When I was training to be a personal fitness instructor we learned about the principle of specificity – if you are training someone to run 100 metres really fast, you don’t get them lifting weights. You get them to run 100 metres really fast, and then again, and again. Therefore it makes sense to me that the best way to teach children to live worthwhile lives (assumption here that this is our raison d’etre) is not to get them reading Shakespeare, but to overtly teach them how to live worthwhile lives. Teach them philosophy. Debate ideas like we are doing here. Sure, stories are a good way of introducing complex human behaviour (I’m thinking The Wave and To Sir with Love – both based on actual events) and philosophical ideas (Pullman’s His Dark Materials), but too much ‘otherness’ can be distracting. The danger is that learners will focus on the unfamiliar language and class differences rather than the message. What none of these writers have recognised – probably because they are all screamingly posh – is that most children will resist or reject stories about kings (Shakespeare) and public-school kids (Lord of the Flies) because they find their modes of interaction alien, and/or their concerns irrelevant. When they are well-rounded, thoughtful, mature, worldly adults – then they may be able to appreciate Shakespeare. What I think is happening here is that people are looking at this correlation arse-about-face and thinking that Shakespeare is the route to producing thoughtful, worldly members of society.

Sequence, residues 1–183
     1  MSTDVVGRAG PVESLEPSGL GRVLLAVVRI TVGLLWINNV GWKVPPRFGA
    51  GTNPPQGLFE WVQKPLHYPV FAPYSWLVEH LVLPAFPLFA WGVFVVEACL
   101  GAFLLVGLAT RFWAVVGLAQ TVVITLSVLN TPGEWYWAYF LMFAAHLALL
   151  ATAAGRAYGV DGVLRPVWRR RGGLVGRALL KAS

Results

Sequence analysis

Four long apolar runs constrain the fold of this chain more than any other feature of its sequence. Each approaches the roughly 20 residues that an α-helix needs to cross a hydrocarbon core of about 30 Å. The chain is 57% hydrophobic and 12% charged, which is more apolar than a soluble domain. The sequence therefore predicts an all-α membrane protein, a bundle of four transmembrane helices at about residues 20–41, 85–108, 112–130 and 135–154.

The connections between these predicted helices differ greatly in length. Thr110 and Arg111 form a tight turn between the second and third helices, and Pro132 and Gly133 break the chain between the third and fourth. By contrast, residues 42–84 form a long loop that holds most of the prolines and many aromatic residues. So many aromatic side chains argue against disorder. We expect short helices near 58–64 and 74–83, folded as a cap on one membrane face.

I have seen my own students resisting this kind of ‘otherness’. To deal with that I’ve been experimenting with stratified content; I decide what issue I want them to think about and I give them four or five different types of resource for them to choose from. They can read, consider and respond to whatever they choose: a long academic paper, a shorter case study, a practical how-to guide, a short video or perhaps even just a diagram. What I am noticing is that, while they all claim to have very different academic ability, the quality (depth) of responses – and the understanding being evidenced – is incredibly consistent across the cohort of 75. While the more ‘academic’ writing may be inaccessible at first to some, they can all discuss the ideas and principles at hand together.

It is my concern that the traditional canonical works are selected by the privileged social elite only partly for their artistic merit, and partly for their function in maintaining the status quo. It is clear to me that ‘reproducibility’ as a criterion for high culture is an invention of division. The social elite may be more secure in their own identities, but as a group they fear the uprising of the masses. The internet is allowing the sub-elite to connect more efficiently, but technology can equally be used by those who fear change to control and subdue.

What technology can do is provide another window on these questions of Culture and creativity. Neuroscience is a rapidly developing field; we now have brilliant people like Charles Limb scanning the brains of rap and jazz artists as they improvise. The attempts of the social elite to define artistic merit are interesting from a sociological perspective, but in my opinion they fall far short of answering the actual question.